Articles | Volume 1, issue 3
30 Sep 1997
30 Sep 1997

Relationships between spruce plantation age, solute and soil chemistry in Hafren forest

P. A. Stevens, B. Reynolds, S. Hughes, D. A. Norris, and A. L. Dickinson

Abstract. Rain, throughfall, soil waters from surface peaty O horizon and deeper mineral B horizon, and stream water, were collected every four weeks for one year in a moorland catchment, and in four forested catchments. The four forested catchments represented an age sequence of first rotation Sitka spruce plantations, aged 14, 28, 37 and 53 years. All water samples were analysed for all major solutes, including dissolved organic nitrogen (DON-N); stream water and B horizon soil waters were also subjected to aluminium speciation. In each catchment, soil samples were collected on one occasion and pH was measured.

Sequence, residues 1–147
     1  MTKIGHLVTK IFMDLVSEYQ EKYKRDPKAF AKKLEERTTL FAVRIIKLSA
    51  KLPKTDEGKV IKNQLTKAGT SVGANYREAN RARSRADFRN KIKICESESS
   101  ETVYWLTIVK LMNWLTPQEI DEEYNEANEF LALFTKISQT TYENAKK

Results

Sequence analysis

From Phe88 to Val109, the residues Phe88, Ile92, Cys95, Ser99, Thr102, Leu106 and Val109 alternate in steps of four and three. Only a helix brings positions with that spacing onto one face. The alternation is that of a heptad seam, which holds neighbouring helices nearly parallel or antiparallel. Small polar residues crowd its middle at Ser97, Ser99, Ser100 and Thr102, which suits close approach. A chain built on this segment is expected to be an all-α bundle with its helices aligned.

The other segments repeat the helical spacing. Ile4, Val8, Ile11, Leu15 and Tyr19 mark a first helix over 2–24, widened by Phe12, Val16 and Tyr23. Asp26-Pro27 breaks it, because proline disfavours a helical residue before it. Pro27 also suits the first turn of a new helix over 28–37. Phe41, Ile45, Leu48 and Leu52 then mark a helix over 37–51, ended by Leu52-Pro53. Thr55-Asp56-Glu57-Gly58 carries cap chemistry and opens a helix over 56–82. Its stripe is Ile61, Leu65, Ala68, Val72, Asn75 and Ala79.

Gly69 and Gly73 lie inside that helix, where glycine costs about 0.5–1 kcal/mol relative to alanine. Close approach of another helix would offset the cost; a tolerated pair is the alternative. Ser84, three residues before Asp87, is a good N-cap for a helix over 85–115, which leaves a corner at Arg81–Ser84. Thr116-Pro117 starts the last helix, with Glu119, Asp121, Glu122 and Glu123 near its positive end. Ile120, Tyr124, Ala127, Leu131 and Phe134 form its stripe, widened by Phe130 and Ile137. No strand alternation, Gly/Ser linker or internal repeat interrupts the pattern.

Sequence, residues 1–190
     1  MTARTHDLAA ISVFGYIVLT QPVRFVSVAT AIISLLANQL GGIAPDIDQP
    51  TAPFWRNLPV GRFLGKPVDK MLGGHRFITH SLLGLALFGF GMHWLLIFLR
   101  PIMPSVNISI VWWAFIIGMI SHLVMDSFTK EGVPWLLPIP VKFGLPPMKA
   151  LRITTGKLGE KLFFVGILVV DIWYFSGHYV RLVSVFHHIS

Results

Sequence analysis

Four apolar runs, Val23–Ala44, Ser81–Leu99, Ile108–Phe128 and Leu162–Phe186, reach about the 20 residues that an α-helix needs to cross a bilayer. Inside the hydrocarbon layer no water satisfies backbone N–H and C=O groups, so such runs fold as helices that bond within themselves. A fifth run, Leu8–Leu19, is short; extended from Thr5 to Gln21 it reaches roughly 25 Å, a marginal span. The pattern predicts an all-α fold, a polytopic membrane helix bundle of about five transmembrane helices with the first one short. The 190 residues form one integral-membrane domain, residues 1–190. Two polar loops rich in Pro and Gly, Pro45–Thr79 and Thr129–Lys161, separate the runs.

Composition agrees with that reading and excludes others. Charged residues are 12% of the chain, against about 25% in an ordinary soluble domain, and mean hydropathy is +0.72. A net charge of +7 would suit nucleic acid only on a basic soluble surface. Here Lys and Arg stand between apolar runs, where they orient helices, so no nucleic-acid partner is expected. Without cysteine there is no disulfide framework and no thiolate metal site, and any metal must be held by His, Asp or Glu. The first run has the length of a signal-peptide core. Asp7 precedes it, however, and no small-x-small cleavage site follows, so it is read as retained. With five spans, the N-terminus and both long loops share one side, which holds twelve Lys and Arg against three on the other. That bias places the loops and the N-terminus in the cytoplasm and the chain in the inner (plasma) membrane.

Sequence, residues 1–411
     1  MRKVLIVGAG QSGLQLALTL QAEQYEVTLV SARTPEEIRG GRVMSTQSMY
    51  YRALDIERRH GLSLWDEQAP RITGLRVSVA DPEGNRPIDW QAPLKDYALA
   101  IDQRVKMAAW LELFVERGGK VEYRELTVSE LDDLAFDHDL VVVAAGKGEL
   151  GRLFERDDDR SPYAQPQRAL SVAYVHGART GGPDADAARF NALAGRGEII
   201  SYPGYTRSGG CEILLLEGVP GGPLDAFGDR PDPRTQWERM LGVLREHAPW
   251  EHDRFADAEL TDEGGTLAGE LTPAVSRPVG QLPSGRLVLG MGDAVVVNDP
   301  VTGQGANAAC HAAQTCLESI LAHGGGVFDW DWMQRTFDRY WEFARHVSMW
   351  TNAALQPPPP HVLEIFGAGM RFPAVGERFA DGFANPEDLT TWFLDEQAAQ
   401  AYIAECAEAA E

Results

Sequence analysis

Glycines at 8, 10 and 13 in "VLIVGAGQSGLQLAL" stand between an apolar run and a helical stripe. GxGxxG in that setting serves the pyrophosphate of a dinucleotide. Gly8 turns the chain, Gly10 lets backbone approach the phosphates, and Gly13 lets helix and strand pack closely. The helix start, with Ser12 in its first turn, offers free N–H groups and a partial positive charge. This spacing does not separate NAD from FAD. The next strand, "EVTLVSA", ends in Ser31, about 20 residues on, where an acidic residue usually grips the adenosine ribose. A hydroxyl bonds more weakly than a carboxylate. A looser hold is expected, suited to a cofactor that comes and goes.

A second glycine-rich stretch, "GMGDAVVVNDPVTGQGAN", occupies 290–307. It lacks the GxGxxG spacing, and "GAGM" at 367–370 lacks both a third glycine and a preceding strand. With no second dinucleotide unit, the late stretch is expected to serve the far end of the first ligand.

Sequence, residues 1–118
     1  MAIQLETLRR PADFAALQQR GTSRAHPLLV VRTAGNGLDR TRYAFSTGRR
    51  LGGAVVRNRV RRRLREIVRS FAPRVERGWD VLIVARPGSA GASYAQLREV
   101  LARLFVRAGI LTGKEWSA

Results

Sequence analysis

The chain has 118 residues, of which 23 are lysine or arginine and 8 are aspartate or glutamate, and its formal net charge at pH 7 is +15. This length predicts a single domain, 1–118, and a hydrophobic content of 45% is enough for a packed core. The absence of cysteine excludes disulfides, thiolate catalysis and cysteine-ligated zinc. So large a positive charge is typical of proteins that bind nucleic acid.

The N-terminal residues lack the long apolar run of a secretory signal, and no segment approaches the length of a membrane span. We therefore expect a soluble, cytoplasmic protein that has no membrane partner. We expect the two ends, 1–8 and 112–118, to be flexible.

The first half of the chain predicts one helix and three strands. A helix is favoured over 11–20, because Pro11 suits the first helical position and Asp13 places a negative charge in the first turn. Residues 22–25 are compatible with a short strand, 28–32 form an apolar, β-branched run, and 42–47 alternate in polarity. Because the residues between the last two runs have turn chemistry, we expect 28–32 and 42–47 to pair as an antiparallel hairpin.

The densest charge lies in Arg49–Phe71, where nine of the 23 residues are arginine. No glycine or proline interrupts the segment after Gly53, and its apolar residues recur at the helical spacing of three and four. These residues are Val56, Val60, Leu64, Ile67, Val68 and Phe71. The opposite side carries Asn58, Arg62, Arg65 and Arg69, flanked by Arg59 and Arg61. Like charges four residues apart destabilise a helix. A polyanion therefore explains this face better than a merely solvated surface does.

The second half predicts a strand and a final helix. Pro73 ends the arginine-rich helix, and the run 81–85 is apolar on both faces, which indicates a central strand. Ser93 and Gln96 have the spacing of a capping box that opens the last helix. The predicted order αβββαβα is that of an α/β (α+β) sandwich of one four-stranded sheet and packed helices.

Concentrations of most solutes were substantially higher in the 37 year old forest stand than in the moorland catchment, with intermediate concentrations in the two younger stands and 53 year old stand. In particular, higher nitrate-N concentrations were found in the soils and streams of the older forests, although these concentrations tended to be highest in the 37 year old stand. Acid neutralizing capacity (ANC) of soil waters was lower in the B horizon of the forest stands than in the moorland, and tended to decline with increasing forest age. Soil water from both O and B horizons was most acid in the 37 year old stand, and the water from the soil O horizon in all four forest stands was more acid than that in moorland sites. The pH of the soil itself (as measured in a deionised water slurry) was lower in the forest stands than in moorland, although trends with forest age were complex.